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Triple-X Domain Will Promote Legalization of Obscenity says Pro-Decency Groups

Contact: Robert Peters, Morality in Media, 212-870-3222,


NEW YORK, Mar. 8 /Standard Newswire/ -- Thirty-three pro-decency organizations and individuals have sent a letter to the Department of Commerce opposing a revised proposal to create a Triple-X "domain" for pornographic web sites on the Internet.


The revised proposed .XXX domain, like the original proposal, is being proposed by ICM Registry, the company bidding to provide registry service for the Triple-X domain if it is created.


The letter warns that the porn-only domain will likely lead to more porn sites on the Internet, will not protect children or society from the harmful effects of pornography, and will be used as an excuse to not enforce obscenity laws. The letter also warns that it "would appear the .XXX domain is intended to promote legalization of obscenity."


The letter explains the latter concern, stating in part:

The Proposed ICM Registry Agreement (Appendix S, Part 8, at p. 86) states that the Registry Operator "will prohibit child pornography;" and ICM Registry chairman Stuart Lawley has said, 'Apart from child pornography, which is completely illegal, we're really not into the content-monitoring business' ["Porn-friendly '.xxx' domains approved," C/NET, 6/1/05].


In the United States, however, distributing obscenity on the Internet is also illegal, and long before the Supreme Court in 1982 upheld laws that prohibit child pornography, the Court said this about obscenity in a 1942 case, Chaplinsky v. New Hampshire…:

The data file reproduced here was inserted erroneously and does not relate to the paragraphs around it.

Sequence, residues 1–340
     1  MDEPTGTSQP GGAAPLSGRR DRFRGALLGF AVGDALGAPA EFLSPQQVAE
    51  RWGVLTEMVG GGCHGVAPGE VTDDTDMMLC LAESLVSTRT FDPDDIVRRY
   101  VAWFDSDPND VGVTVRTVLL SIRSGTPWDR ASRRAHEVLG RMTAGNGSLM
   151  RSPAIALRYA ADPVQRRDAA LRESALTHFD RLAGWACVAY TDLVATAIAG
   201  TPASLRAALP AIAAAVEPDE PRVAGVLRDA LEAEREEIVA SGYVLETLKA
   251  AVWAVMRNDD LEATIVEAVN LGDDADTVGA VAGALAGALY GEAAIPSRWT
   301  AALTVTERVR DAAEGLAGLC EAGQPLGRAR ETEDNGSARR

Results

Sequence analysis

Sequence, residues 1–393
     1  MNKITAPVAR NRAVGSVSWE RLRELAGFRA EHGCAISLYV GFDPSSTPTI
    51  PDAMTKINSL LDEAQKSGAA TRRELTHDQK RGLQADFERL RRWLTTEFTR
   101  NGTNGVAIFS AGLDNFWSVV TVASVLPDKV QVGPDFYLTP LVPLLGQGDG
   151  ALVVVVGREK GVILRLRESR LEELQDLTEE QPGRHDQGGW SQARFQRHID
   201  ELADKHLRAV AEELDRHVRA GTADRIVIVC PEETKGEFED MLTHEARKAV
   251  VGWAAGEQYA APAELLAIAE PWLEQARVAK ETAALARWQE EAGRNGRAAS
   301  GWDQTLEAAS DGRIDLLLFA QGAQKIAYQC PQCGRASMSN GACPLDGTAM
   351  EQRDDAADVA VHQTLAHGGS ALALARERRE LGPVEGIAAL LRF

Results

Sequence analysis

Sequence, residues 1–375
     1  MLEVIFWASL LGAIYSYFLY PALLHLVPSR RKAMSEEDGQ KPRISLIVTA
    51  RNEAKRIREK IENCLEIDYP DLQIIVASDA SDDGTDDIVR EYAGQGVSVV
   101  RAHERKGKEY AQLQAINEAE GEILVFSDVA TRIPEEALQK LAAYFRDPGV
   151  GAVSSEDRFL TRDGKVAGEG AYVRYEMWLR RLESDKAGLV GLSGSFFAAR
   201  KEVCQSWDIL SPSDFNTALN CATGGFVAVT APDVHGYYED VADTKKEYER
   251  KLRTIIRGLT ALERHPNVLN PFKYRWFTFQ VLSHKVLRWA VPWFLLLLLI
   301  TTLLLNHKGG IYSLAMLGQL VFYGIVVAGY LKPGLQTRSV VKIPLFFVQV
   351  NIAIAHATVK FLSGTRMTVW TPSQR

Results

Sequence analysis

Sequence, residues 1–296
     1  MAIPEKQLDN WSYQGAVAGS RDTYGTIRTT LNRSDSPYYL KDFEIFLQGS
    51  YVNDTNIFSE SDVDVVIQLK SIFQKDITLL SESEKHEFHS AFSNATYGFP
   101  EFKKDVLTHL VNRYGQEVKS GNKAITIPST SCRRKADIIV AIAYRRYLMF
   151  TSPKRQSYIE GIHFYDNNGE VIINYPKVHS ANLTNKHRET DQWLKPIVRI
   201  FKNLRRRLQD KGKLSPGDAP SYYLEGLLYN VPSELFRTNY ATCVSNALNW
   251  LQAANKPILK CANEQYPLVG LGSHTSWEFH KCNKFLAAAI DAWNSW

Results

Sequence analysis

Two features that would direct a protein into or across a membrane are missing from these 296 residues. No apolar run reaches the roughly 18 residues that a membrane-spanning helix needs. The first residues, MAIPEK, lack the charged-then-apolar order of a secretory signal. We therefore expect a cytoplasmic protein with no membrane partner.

[I]t is well understood that the right of free speech is not absolute at all times and under all circumstances. There are certain well-defined and narrowly limited classes of speech, the prevention and punishment of which have never been thought to raise any Constitutional problem. These include the lewd and obscene…


The Proposed ICM Registry Agreement (Appendix S, Part 8, at p. 90) states that the Registry Operator will '(i) promote the principles set forth in the UN's Declaration of Human Rights related to free expression and (ii) prohibit child pornography…'


The clear implication of the above statement is that pornography, other than child pornography, constitutes 'free expression' within the meaning of the United Nations Declaration. But as the Supreme Court observed in the 1957 Roth v. United States…case:


The protection given speech and press was fashioned to assure unfettered interchange of ideas for the bringing about of political and social changes desired by the people…But implicit in the history of the First Amendment is the rejection of obscenity…This rejection…is mirrored in the universal judgment that obscenity should be restrained, reflected in the international agreement of over 50 nations… [In a footnote, the Roth Court cited the "Agreement for the Suppression of the Circulation of Obscene Publications, 37 Stat. 1511; Treaties in Force 209 (U.S. Dept. State, October 31, 1956)"]


The letter also takes issue with the notion that hardcore pornographers that voluntarily relocate in the proposed .XXX domain and that voluntarily comply with the new domain's rules would thereby become part of a "responsible online adult-entertainment community."


In addressing the latter concern, the letter states in part:


Furthermore, those who produce and distribute pornography that graphically depicts, among other things, adultery, bestiality, bigamy, excretory activities, orgies, incest, prostitution, male rape, pseudo child porn, teen sluts, unsafe sex galore and the degradation, rape and torture of women (some of whom were trafficked into sexual slavery) are the antithesis of "responsible."


The letter was drafted by Morality in Media President Robert Peters. The full text of the letter, with the signers, is available at on the CURRENT NEWS page.


Headquartered in New York City, MORALITY IN MEDIA works through constitutional means to curb traffic in illegal obscenity. MIM operates the website, where citizens can report possible violations of federal Internet obscenity laws, and the National Obscenity Law Center, a resource for prosecutors, law enforcement agencies and legislators.